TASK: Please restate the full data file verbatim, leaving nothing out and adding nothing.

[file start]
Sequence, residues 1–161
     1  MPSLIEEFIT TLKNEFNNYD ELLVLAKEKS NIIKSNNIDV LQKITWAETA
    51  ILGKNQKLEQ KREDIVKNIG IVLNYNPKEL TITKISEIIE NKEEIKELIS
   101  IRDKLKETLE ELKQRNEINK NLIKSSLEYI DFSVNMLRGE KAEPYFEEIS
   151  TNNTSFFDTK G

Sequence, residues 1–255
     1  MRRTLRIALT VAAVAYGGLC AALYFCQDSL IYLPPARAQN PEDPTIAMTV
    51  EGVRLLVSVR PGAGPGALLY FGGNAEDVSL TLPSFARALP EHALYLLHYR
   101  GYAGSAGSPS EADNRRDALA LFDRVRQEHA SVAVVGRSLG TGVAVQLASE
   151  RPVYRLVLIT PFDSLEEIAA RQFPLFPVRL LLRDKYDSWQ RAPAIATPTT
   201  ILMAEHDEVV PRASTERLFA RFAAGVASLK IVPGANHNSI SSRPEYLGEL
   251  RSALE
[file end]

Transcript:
Sequence, residues 1–161
     1  MPSLIEEFIT TLKNEFNNYD ELLVLAKEKS NIIKSNNIDV LQKITWAETA
    51  ILGKNQKLEQ KREDIVKNIG IVLNYNPKEL TITKISEIIE NKEEIKELIS
   101  IRDKLKETLE ELKQRNEINK NLIKSSLEYI DFSVNMLRGE KAEPYFEEIS
   151  TNNTSFFDTK G

Sequence, residues 1–255
     1  MRRTLRIALT VAAVAYGGLC AALYFCQDSL IYLPPARAQN PEDPTIAMTV
    51  EGVRLLVSVR PGAGPGALLY FGGNAEDVSL TLPSFARALP EHALYLLHYR
   101  GYAGSAGSPS EADNRRDALA LFDRVRQEHA SVAVVGRSLG TGVAVQLASE
   151  RPVYRLVLIT PFDSLEEIAA RQFPLFPVRL LLRDKYDSWQ RAPAIATPTT
   201  ILMAEHDEVV PRASTERLFA RFAAGVASLK IVPGANHNSI SSRPEYLGEL
   251  RSALE